Mayors of a dozen cities in the U.S. and China are nailing down agreements to team up in the fight against climate change, starting with a plan forged over the weekend between the officials of Los Angeles and Beijing to collaborate in promoting clean air in their cities. The final deals will be unveiled Monday and Tuesday as the municipal leaders spell out how they plan to help meet goals set last fall in a landmark climate agreement between President Obama and Chinese President Xi Jinping.
A copy of the report, obtained by the Tribune, said Blagojevich's chief of staff and top patronage aide signed off on documents that ultimately allowed the two workers at the Department of Corrections to skirt a law that gives veterans a preference in seeking state jobs. The report noted that violating veterans' preference rules was a crime under state law but did not pin the blame on anyone in particular.
Donor-rich New York and California have complained for years that candidates shirk them in favor of visiting battleground areas. But with a competitive money race, President Obama and Mitt Romney have changed that pattern. Only in recent elections has the list of campaign stops become so limited. Two trends have combined to greatly constrict it: increased political polarization, which has sorted states into a reliable pattern of blue and red, and a greatly stepped-up battle for money.
Muck Rack makes it simple to find people, tweets, or articles that mention any name, keyword, company, hashtag etc. We've compiled this guide to help you make the most of your search.
Selecting a term
Start searching tweets, articles from media outlets, articles mentioned in tweets, journalists'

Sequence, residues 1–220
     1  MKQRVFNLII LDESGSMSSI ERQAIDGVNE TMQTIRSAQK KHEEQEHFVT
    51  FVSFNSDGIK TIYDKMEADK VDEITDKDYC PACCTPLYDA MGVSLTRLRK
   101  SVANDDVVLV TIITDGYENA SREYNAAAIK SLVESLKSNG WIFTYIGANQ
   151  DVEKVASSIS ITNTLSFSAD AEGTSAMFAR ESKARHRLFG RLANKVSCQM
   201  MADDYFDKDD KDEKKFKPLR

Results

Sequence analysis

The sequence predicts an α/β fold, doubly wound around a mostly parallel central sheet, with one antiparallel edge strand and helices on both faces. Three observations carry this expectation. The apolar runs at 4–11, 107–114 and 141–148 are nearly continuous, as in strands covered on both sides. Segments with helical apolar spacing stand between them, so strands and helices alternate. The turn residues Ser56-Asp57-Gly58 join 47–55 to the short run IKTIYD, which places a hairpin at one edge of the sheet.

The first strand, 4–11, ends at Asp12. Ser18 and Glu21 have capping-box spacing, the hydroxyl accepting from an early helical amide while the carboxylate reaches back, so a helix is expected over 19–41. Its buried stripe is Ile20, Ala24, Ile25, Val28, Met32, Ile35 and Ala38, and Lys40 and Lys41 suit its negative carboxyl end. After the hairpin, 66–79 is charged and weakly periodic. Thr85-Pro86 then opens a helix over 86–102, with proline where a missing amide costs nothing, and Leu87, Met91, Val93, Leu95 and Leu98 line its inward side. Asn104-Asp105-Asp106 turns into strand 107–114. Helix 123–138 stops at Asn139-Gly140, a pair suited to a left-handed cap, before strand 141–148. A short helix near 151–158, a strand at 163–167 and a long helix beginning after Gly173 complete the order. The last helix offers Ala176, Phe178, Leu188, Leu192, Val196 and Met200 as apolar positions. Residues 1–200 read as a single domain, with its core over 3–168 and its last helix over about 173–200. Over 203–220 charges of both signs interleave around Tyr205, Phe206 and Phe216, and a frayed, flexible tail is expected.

names, titles and bios with some suggested searches:
Companies or Topics (e.g. iPhone, Microsoft)
Phrases (e.g. "cloud computing") — use quotes to keep the terms together
Twitter handles (e.g. @username) — returns those who have mentioned or replied to
Names (e.g. "David Pogue")
Hashtags (e.g. #sxsw, #london2012)
Bio details (e.g. vegan, Olympics, father)
Muck Rack's Advanced Search allows for many boolean operators.
Find results that mention multiple specified terms, use AND or
+. For example, ensure each result contains both Elon Musk and Mark Zuckerberg by
searching Musk AND Zuckerberg or Musk + Zuckerberg.
Use the operators OR or , to broaden your search when you'd like either of
multiple terms to appear in results. (This is the default behavior of our search when no operators
are used). For example, results will contain either cake or cookie by searching cake OR cookie or cake,cookie
Use NOT or - to subtract results from your search. For
example, searching Disney will yield results about the Walt Disney Company as well as Walt Disney
World Resort. To exclude mentions of Disney World, search for Disney -World or Disney
When using one of these operators with a phrase, enclose it in quotation marks. For example, you can
find results about smartphones excluding Apple's iPhone 4S by searching smartphone -"iPhone
Exact case matching or punctuation
If you're searching for a brand name or keyword that relies on specific punctuation marks or capitalization, you can
find results that match your exact query by adding matchcase: before the keyword you're searching for, like matchcase:E*TRADE .
Use parentheses to separate multiple
boolean phrases. For example, to find journalists talking about having fun in Disney World or
Disneyland, search for ("disney world" OR disneyland) AND fun.
An asterisk can be used to search for any variation of a root word truncated by the asterisk. For example, searching for admin* will return results for administrator, administration, administer, administered, etc.
A near operator is an AND operator where you can control the distance between the words. You can vary the distance the near operation uses by adding a forward slash and number (between 0-99) such as strawberries NEAR/10 "whipped cream", which means the strawberries must exist within 10 words of "whipped cream".